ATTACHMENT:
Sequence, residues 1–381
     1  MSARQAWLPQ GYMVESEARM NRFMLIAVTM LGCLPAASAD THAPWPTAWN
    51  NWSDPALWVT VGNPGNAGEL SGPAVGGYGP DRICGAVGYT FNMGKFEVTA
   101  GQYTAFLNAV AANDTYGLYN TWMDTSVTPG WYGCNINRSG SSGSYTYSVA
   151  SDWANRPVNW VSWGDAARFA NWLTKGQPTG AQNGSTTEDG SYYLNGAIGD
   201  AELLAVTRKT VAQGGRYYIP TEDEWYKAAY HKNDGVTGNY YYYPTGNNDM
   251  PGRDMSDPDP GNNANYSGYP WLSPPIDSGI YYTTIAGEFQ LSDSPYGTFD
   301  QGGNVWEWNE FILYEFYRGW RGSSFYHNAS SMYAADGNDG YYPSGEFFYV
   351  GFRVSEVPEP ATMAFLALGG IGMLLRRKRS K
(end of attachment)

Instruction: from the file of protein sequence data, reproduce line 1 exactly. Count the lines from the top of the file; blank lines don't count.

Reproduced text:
Sequence, residues 1–381